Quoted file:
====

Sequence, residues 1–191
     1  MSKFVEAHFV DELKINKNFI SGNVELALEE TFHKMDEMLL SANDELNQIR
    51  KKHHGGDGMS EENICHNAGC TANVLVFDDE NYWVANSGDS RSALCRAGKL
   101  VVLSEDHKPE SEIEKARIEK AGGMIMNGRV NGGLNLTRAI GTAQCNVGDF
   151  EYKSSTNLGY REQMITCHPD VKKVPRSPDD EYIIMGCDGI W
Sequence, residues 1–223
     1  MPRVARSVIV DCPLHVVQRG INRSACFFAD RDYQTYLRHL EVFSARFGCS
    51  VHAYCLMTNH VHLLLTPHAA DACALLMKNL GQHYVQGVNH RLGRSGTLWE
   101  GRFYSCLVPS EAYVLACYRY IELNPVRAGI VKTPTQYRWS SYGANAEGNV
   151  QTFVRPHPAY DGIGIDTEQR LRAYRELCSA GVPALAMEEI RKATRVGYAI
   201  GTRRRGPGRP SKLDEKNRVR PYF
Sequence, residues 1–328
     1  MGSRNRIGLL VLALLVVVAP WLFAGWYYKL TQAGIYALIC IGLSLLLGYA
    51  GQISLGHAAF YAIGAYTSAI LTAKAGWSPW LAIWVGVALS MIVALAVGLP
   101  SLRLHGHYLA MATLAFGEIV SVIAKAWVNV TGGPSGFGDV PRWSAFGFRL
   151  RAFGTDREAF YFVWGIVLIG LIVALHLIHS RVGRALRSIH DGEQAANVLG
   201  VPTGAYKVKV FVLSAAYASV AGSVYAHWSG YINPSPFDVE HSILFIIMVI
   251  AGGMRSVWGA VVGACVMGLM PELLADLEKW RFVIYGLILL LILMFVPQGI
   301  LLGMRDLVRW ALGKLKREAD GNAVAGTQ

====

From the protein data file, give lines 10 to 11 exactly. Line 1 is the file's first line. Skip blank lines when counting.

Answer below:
   151  QTFVRPHPAY DGIGIDTEQR LRAYRELCSA GVPALAMEEI RKATRVGYAI
   201  GTRRRGPGRP SKLDEKNRVR PYF